Perhaps the postmodern "family of woman" will take the lead in burying The Family at long last. The [married nuclear] Family is a concept derived from faulty theoretical premises and an imperialistic logic, which even at its height never served the best interests of women, their children, or even many men.... The [nuclear married] family is dead. Long live our families!

Stacey urged policymakers to abandon their concern with restoring marital commitment between mothers and fathers and instead "move forward toward the postmodern family regime," characterized by single parenthood and transitory relationships.

As their influence grew over three decades, radical feminists' sentiments increasingly found their way into college textbooks and whole college courses on feminist studies, consistently expressing opposition to the natural family and to marriage. These courses are under "WOMEN STUDIES." Over the years, these writings have exercised considerable detrimental influence on the intellectual formation of millions of college students, not only in many overtly hostile feminist studies courses, but even in the more mainstream family studies courses.

Many current college textbooks on the family rely heavily on sociologist Jessie Bernard's erroneous arguments, now long contradicted by subsequent research, that marriage has harmful effects on women's mental health.

For decades, radical feminists depicted marriage as an oppressive institution that was injurious to women and children. In reality, facts show exactly the opposite: In general, marriage has profoundly beneficial effects on women, children, and men.

Foremost is the positive impact of marriage in alleviating poverty among mothers and children. On average, a mother who gives birth and raises a child outside of marriage is seven times more likely to live in poverty than is a mother who raises her children within a stable married family. Over 80 percent of long-term child poverty in the United States (where a child is poor for more than half of his or her life) occurs in never-married or broken households. Moreover, the economic benefits of marriage are not limited to the middle class; some 70 percent of never-married mothers would be able to escape poverty if they were married to the father of their children.

The erosion of marriage is also a principal factor behind the growth of the current welfare state. A child born and raised outside marriage is six times more likely to receive welfare aid than is a child raised in an intact, married family. Each year, federal and state governments spend over $200 billion on means-tested aid for low-income families with children through programs such as food stamps, public housing, the earned income tax credit, and Medicaid. Of this total, some 75 percent ($150 billion) goes to single-parent families.

Marriage has profound positive effects on the well-being of children. Children raised by single mothers are 20 times more likely to suffer serious physical abuse than children raised in intact, married families. Children raised in single-parent homes are much more likely to be depressed and to have developmental, behavioral, and emotional problems; such children are more likely to fail in school, use drugs, and engage in early sexual activity. They are also more likely to become involved in crime and to end up in jail as adults. I see this every day at work.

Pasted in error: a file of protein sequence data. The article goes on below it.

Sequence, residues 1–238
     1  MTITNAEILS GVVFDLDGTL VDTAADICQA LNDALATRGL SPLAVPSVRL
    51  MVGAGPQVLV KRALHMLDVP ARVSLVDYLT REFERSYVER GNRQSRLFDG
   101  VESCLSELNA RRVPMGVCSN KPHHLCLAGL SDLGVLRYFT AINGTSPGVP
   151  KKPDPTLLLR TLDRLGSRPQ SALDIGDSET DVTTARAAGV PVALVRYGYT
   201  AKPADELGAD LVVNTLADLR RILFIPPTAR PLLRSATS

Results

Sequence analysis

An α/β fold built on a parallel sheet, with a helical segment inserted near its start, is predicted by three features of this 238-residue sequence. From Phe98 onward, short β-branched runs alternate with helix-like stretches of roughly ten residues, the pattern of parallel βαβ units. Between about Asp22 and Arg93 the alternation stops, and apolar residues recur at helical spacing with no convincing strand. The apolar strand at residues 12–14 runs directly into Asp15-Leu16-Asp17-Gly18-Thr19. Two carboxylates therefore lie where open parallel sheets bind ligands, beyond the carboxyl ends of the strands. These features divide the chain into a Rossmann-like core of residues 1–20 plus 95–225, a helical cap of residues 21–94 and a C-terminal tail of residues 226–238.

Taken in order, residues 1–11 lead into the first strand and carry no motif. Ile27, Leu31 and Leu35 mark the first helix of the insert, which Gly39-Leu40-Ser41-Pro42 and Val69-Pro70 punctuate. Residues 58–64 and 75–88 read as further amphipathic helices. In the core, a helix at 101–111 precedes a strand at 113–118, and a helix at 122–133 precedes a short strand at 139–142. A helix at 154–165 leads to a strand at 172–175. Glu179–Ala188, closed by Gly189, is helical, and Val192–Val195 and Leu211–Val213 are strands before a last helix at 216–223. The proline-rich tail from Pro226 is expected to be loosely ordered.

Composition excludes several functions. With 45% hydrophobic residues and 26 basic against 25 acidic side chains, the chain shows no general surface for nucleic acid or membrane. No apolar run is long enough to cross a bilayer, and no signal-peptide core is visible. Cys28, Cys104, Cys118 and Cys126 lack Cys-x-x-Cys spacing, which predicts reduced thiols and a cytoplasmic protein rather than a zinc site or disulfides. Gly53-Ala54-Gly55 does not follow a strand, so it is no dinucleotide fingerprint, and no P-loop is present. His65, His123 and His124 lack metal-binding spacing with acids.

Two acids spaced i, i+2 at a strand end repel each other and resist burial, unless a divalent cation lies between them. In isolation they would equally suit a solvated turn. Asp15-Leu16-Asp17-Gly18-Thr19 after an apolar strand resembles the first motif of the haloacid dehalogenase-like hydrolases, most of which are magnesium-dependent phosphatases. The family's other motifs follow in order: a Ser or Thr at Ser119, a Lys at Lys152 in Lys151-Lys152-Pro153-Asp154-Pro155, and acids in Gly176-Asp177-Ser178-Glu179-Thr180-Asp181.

A woman cannot be a man and a woman when raising their children. Their sons cannot be their little "man." It takes a man to raise a boy. I cannot raise a girl to be a woman. What makes a woman think that they can raise a boy to be a full grown man?

While radical feminists condemn marriage as an institution that foments domestic violence against women, in fact, the opposite is true. Domestic violence is most common in the transitory, free-form, cohabitational relationships that feminists have long celebrated as replacements for traditional marriage. Specifically, never-married mothers are more than twice as likely to suffer from domestic violence than mothers who are or have been married.

One can summarize the multiple fields of research that have investigated the effects of marriage and say that for all concerned--men, women, and children, as well as communities at large--marriage leads to:

  • Greater health and longevity;
  • Greater mental health;
  • More happiness;
  • More education;
  • More income;
  • Less abuse of adult women;
  • Less abuse, including less sexual abuse, of boys and girls;
  • Less poverty;
  • Less crime;
  • Less addiction;
  • Less depression and anxiety; and
  • Less violence and abuse.

Feminist groups, predictably, oppose any form of marriage except same sex marriages.While this opposition is usually framed in narrow technical terms, there can be no doubt that it is rooted in "tired ideology" of radical feminism. State Lawmakers in Lansing should not be swayed by this tired ideology; instead, they should reaffirm the importance of healthy marriage.

American children, especially Black children in particular, need a culture of stable, healthy marriage. The children of our poor need it most; they have consistently suffered the greatest damage from the erosion of marriage over the past 30 years. For the sake of all children, but most especially for the children of the poor, Lansing Lawmakers should join with us, as family advocates, in the task of rebuilding a culture of stable, healthy marriages.

Like I always said, women need to stop being fearful of a strong man who wants to take responsibility.


Anonymous said...

I could not agree more. Well said.

Chet said...

Akindele, your Oakland Right interview is online here:

Sorry, I can't find your e-mail address.

Send me an e-mail.

Chet said...

You, sir, pull no punches. :)

Great interview, by the way!